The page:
Is car insurance expensive in Seattle? Drivers in Seattle do pay among the highest rates for Washington car insurance, but you can still save a lot of money by comparison shopping. Here we help you decide how much car insurance to buy for your particular situation, allow you to compare rates by ZIP code, coverage level and company, as well as explain why the best Seattle car insurance is not always the cheapest.
Seattle ZIP code 98144 has the highest average car insurance rate in the city, $1,579 a year for full coverage, according to a survey of rates from six major carriers. But the difference between the highest rate ($1,823) for that ZIP and the lowest ($1,325) is $500. You can still save a lot on car insurance even if you live in an area with high rates. You just need to compare car insurance quotes to find the best price.
Seattle Car Insurance Rates by ZIP Code
Enter ZIP for average rate. Then enter Age, Gender and Coverage Level for customized rate.
Invalid ZIP code or data not available
CarInsurance.com commissioned Quadrant Information Services to provide a report of average auto insurance rates for a 2016 Honda Accord for nearly every ZIP code in the United States. We calculated rates using data for up to six large carriers (Allstate, Farmers, GEICO, Nationwide, Progressive and State Farm).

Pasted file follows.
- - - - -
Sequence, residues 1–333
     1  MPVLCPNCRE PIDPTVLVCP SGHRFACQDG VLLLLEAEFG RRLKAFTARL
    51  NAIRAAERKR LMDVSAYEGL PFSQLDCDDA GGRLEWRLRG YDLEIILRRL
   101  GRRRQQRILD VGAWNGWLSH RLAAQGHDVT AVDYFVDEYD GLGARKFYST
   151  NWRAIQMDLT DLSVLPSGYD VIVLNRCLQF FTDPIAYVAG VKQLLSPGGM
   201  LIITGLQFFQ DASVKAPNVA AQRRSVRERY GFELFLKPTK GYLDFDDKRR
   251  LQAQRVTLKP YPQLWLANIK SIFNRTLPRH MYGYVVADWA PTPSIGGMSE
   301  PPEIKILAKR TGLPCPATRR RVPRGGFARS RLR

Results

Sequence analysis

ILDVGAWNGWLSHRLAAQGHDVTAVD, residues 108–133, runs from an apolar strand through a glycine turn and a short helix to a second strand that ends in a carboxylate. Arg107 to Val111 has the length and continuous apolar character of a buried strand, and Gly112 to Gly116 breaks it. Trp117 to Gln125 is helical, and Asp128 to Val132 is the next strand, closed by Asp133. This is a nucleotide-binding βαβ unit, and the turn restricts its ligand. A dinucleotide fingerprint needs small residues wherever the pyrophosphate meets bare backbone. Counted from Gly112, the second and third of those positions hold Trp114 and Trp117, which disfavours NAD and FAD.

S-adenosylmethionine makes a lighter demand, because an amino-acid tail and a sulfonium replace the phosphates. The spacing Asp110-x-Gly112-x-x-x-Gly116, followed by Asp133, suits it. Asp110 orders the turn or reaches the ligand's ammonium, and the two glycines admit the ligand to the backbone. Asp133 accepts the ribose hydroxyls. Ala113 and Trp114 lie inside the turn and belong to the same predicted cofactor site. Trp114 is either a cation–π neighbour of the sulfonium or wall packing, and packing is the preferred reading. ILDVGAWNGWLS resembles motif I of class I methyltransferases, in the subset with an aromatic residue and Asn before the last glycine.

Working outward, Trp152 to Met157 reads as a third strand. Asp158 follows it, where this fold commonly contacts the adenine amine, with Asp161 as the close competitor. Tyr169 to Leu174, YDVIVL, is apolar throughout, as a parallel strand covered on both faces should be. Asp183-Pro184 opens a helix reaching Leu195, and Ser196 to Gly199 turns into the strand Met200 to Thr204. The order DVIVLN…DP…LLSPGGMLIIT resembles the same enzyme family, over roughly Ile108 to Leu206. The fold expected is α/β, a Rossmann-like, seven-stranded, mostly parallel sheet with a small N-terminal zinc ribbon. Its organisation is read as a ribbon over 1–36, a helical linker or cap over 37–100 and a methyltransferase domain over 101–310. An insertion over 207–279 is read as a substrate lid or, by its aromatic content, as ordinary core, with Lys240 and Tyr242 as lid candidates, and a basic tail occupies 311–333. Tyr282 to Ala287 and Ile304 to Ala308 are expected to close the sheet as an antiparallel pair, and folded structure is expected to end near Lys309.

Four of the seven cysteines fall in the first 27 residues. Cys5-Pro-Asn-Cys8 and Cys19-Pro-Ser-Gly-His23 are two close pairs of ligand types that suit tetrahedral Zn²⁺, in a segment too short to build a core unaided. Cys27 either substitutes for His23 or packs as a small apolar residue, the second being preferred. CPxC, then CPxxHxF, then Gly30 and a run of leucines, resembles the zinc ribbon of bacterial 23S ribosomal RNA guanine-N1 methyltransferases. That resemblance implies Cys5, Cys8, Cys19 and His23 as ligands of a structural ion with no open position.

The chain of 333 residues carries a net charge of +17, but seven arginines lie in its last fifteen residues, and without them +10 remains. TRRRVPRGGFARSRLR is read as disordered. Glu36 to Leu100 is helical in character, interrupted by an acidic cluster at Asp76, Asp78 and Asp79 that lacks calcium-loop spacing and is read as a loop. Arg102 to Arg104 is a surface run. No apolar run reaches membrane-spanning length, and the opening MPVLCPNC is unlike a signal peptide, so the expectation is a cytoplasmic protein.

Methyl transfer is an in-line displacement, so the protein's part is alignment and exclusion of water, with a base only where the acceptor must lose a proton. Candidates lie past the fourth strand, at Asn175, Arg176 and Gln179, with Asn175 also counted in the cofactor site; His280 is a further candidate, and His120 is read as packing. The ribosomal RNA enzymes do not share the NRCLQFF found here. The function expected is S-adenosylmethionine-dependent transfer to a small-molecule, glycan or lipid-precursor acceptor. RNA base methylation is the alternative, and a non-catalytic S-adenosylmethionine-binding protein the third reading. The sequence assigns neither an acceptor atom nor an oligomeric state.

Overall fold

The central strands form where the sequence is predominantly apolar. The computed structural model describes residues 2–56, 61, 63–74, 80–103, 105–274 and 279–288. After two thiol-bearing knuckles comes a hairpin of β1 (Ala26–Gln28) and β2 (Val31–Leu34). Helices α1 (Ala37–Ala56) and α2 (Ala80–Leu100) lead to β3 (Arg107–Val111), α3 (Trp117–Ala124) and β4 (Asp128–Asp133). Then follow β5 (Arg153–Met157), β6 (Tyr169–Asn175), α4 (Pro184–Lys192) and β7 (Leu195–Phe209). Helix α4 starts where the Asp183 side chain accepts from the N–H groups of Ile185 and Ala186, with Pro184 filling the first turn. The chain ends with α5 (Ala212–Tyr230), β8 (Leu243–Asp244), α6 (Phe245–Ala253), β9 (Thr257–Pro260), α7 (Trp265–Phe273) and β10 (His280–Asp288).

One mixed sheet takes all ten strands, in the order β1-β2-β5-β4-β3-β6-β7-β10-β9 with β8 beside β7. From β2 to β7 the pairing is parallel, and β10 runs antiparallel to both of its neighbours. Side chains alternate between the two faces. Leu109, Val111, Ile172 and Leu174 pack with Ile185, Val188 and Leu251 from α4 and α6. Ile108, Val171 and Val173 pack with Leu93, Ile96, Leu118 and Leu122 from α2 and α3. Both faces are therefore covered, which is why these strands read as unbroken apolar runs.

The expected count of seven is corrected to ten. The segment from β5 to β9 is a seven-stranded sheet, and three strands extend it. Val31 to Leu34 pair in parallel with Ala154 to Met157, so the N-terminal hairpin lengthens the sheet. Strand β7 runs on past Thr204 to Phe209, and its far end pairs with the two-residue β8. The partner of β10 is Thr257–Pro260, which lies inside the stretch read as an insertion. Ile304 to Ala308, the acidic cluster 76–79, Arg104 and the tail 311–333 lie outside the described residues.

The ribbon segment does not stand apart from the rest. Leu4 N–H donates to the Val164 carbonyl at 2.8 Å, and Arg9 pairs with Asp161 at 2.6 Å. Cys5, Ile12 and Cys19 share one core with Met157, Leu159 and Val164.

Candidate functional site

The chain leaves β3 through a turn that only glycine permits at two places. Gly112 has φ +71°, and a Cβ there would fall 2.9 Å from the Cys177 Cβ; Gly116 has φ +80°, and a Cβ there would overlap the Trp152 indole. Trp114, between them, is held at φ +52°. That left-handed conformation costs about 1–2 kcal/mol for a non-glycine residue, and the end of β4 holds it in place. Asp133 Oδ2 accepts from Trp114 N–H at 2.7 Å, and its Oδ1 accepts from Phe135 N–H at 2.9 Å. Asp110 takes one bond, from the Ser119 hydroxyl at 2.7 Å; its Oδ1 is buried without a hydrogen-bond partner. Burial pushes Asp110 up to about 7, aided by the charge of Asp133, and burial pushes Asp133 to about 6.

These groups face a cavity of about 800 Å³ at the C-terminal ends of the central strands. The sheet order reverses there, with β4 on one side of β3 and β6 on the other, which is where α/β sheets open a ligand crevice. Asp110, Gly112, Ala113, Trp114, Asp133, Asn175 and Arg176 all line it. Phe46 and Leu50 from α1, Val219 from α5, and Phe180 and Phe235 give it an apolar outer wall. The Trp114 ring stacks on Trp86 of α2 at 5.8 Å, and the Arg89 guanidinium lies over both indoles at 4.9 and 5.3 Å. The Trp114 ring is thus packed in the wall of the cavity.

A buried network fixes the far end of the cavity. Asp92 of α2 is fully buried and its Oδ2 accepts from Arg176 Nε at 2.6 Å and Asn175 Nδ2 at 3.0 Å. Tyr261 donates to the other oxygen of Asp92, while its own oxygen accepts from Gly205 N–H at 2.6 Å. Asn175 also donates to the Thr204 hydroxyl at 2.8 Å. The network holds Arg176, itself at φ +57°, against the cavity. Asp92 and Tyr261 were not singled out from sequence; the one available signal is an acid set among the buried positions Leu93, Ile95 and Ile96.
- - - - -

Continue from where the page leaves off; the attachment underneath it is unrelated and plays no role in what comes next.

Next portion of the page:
Averages for the default result are based on insurance for a married 40-year-old male who commutes 12 miles to work each day, with policy limits of 100/300/100 ($100,000 for injury liability for one person, $300,000 for all injuries and $100,000 for property damage in an accident) and a $500 deductible on collision and comprehensive coverage. The rate includes uninsured motorist coverage.
Averages for customized rates are based on drivers ages 20, 30, 40, 50, 60 and 70 for the following coverage levels: state minimum liability, liability of 50/100/50 and 100/300/100 with $500 deductible on comprehensive and collision. These hypothetical drivers have clean records and good credit. Average rates are for comparative purposes.
Your own rate will depend on your personal factors and vehicle.
State Minimum: Required liability coverage to drive legally in your state; some states mandate additional coverage, such as personal injury protection, uninsured motorist, underinsured motorist.